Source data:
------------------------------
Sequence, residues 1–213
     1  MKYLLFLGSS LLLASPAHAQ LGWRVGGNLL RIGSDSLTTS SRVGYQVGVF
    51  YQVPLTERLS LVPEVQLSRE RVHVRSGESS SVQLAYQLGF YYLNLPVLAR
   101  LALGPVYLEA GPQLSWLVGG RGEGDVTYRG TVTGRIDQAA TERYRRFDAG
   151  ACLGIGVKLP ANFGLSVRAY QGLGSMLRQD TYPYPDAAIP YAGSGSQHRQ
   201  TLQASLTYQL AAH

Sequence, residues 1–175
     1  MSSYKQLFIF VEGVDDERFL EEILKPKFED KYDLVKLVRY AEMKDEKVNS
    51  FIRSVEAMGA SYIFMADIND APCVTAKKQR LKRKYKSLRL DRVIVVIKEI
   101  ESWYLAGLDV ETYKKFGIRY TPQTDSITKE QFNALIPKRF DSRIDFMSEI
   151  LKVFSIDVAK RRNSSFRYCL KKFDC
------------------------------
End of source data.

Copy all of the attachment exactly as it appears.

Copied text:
Sequence, residues 1–213
     1  MKYLLFLGSS LLLASPAHAQ LGWRVGGNLL RIGSDSLTTS SRVGYQVGVF
    51  YQVPLTERLS LVPEVQLSRE RVHVRSGESS SVQLAYQLGF YYLNLPVLAR
   101  LALGPVYLEA GPQLSWLVGG RGEGDVTYRG TVTGRIDQAA TERYRRFDAG
   151  ACLGIGVKLP ANFGLSVRAY QGLGSMLRQD TYPYPDAAIP YAGSGSQHRQ
   201  TLQASLTYQL AAH

Sequence, residues 1–175
     1  MSSYKQLFIF VEGVDDERFL EEILKPKFED KYDLVKLVRY AEMKDEKVNS
    51  FIRSVEAMGA SYIFMADIND APCVTAKKQR LKRKYKSLRL DRVIVVIKEI
   101  ESWYLAGLDV ETYKKFGIRY TPQTDSITKE QFNALIPKRF DSRIDFMSEI
   151  LKVFSIDVAK RRNSSFRYCL KKFDC